The sound of the door bell early in the morning when you are not expecting anyone, only to discover that its the Police offering condolences for the passing of a loved one.
That initial disbelief and then denial that runs through your head when your heart knows that he isn’t coming back.
Over the last few weeks, there have been 3 losses. Gaia, the bird and partner to the other Cockatiel; the passing of an unknown man in a self-defense fight; and Jacob who was killed by a drunk driver whilst innocently walking home.
Who or what have you lost?
Was it the relationship that you had anticipated?
The goal you hoped to achieve?
An expectation that you had planned your life around?
The sobering realisation that life is short. A saying that you have heard many times.
Death is final.
Game Over with no chance to begin again.
What would you do today if you knew you were not going to be here tomorrow?
Who would you contact and what would you say?
Yes, you can choose to rationalise it by saying it was their time – which is true – but it doesn’t take away the human element of it.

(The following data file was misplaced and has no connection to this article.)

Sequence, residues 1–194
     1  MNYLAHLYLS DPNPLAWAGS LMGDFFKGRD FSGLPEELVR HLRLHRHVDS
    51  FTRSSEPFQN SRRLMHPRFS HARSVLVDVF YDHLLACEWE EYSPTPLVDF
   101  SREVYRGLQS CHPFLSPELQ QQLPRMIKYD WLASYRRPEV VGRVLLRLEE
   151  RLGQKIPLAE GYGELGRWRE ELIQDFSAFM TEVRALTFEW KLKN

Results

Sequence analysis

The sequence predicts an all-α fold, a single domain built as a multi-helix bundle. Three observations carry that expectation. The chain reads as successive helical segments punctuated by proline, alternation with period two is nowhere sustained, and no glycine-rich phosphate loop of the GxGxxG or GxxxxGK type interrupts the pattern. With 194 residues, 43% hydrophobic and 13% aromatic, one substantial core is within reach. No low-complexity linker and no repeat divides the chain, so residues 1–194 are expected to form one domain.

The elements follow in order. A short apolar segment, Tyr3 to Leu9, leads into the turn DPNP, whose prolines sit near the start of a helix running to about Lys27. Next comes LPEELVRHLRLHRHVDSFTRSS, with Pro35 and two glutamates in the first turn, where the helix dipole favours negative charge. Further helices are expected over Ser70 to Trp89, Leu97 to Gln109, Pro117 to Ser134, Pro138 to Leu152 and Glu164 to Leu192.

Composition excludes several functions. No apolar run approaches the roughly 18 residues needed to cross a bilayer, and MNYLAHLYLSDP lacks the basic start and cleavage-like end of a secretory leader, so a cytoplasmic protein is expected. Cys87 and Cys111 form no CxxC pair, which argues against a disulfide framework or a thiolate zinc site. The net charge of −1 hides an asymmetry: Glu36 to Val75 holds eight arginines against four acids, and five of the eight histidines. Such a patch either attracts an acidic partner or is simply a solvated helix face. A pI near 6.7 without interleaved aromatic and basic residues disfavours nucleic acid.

All the emotions that accompany loss which are far more than the stages of grief.
You are not a textbook and whatever your experience emotionally or in your physical body is valid and real.
Feeling all of that or the numbness seems so far removed from the fact that life carries on regardless.
Like a mushroom on a dead tree, nature graciously processes death and rebirth on an on-going basis.
But as humans, we need time to process, to feel, to heal. It is only through healing that you will be able to let go.
By letting go, I mean, healing the emotion and the feelings that the loss has evoked in you. Not the memory or the lessons that you carry with you from your experience.
Love from my tender heart to yours